On a roll: Accessible Jerusalem

Today, many of Jerusalem’s amazing sites are accessible to those using wheelchair mobility.

THE BIBLE Lands Museum’s many stairs may be avoided by taking the elevator, which stops at each level. (photo credit: Wikimedia Commons)
THE BIBLE Lands Museum’s many stairs may be avoided by taking the elevator, which stops at each level.
(photo credit: Wikimedia Commons)
Jerusalem is a city of hills and stone. At first thought, this combination might spook some wheelchair users, but it shouldn’t.
Today, many of Jerusalem’s amazing sites are accessible to those using wheelchair mobility.
Since the spring of 2019, several kilometers of streets in the Old City’s Christian, Muslim and Armenian Quarters have been made accessible to wheelchair users. Admittedly, some ramps had been built even earlier, but the good news is that the project appears to be continuing. One store owner in the Christian Quarter pointed out ramps that were built in early September. The addition of ramps and hand rails has made passage much easier than previously.
A free app called Accessible JLM-Old City (accessible-roads.com) has been developed that shows accessible routes to various sites in the four quarters (including the Jewish Quarter). The app is designed to give the user the fastest accessible way to get from point A to point B, or even to plot out visits to various tourist sites.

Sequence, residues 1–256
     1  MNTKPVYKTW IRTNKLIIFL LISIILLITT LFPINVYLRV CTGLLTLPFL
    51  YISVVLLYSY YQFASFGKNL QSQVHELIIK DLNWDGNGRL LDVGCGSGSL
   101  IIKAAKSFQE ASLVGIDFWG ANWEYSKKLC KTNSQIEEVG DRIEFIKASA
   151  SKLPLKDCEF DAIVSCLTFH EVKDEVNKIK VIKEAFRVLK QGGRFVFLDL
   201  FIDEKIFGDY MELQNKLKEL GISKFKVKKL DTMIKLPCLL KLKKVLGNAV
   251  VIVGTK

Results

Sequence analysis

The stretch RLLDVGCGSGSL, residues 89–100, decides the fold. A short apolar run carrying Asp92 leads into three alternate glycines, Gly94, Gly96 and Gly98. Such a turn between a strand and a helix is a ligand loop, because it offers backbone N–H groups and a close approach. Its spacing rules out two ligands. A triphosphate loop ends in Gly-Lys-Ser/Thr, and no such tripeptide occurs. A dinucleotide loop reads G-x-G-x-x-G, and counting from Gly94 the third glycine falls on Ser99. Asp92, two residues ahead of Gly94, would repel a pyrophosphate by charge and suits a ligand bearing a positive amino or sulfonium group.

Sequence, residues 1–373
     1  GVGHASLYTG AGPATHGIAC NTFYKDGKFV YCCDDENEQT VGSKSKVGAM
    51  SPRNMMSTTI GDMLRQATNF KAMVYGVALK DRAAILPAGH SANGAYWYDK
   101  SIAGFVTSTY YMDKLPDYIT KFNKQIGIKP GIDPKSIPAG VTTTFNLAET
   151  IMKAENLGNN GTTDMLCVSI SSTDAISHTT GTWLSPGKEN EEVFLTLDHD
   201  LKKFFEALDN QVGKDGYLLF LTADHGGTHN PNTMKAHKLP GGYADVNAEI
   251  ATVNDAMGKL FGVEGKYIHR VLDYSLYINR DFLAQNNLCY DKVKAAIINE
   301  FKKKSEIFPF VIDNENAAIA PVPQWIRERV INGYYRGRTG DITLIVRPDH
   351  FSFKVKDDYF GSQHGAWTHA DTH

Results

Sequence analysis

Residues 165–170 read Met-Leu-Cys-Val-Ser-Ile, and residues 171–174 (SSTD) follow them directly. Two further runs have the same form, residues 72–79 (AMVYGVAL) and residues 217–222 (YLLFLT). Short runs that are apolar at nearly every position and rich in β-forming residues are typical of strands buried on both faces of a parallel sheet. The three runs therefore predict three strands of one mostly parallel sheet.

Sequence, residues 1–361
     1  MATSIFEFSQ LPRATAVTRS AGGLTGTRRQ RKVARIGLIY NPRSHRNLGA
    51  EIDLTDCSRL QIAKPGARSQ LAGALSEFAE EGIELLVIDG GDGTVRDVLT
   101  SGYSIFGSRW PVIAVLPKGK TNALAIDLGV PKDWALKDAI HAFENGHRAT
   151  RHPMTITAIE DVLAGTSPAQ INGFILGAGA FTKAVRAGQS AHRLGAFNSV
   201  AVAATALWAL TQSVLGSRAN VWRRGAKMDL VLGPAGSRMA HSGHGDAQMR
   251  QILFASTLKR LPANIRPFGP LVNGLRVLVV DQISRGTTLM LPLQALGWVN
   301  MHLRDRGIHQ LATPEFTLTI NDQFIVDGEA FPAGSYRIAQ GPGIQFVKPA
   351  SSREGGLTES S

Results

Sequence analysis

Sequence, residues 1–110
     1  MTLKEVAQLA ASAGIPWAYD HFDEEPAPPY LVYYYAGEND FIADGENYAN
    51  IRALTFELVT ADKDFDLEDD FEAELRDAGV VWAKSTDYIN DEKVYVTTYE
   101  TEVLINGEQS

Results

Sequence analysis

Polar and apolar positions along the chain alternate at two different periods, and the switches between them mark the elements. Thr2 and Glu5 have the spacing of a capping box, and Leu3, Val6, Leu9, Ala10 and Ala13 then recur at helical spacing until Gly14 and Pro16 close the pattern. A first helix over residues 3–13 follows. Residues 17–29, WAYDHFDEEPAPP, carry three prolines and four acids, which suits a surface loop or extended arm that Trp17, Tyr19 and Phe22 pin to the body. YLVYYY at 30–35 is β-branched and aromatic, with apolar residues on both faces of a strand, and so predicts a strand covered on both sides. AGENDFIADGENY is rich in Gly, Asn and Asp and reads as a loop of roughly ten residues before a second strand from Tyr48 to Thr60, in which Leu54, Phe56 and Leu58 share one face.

One established accessible route runs from the Jaffa Gate to the New Gate, leading to either the Church of the Holy Sepulchre or to the Western Wall Plaza or both. (Unfortunately, due to renovations, the impressive Western Wall tunnels are temporarily not wheelchair-accessible. It is not clear when wheelchair users will again be able to visit. Call [02] 627-1333 for updates.) Moreover, it outlines partial access to David and Sha’ar HaShalselet Streets. Another accessible route, the Cardo route, extends from Zion Gate to Damascus Gate.
Bear in mind that some quarters in the Old City have more human traffic than others. It seems, for example, that the Christian and Armenian Quarters are less crowded than the Muslim Quarter. Of course, some will say the hustle and bustle has its own charm.
Note: The passage from Zion Gate down to the entrance to the Western Wall Plaza entrance is fairly steep. One way to deal with this is to purchase tickets for the accessible “Old City Train” from Jaffa Gate to the Western Wall (oldcitytrain.co.il). Along the way, listen to the audio tour, which is available in nine languages.
Some Old City sites need special consideration, as they are housed in ancient structures. For example, the historic Temple Mount area has ramps installed in various places, although apparently there are still places where assistance will be required to mount or descend steps. Another, the Tower of David Museum (tod.org.il), is located in an ancient citadel. If one has limited vacation time, instead of spending it negotiating all the museum’s exhibition rooms, it might be more expedient (while remaining both enjoyable and educational) to view Jerusalem’s long history at the museum’s Night Spectacular show.
One family visiting the Old City from France said family members took turns pushing a relative in a manual wheelchair. They explained that wherever they encountered stairs, they just looked for another street without stairs. They visited the different quarters and likewise went up to the Temple Mount without problem. While acknowledging that parts of the Old City are hilly, they found local people to be helpful.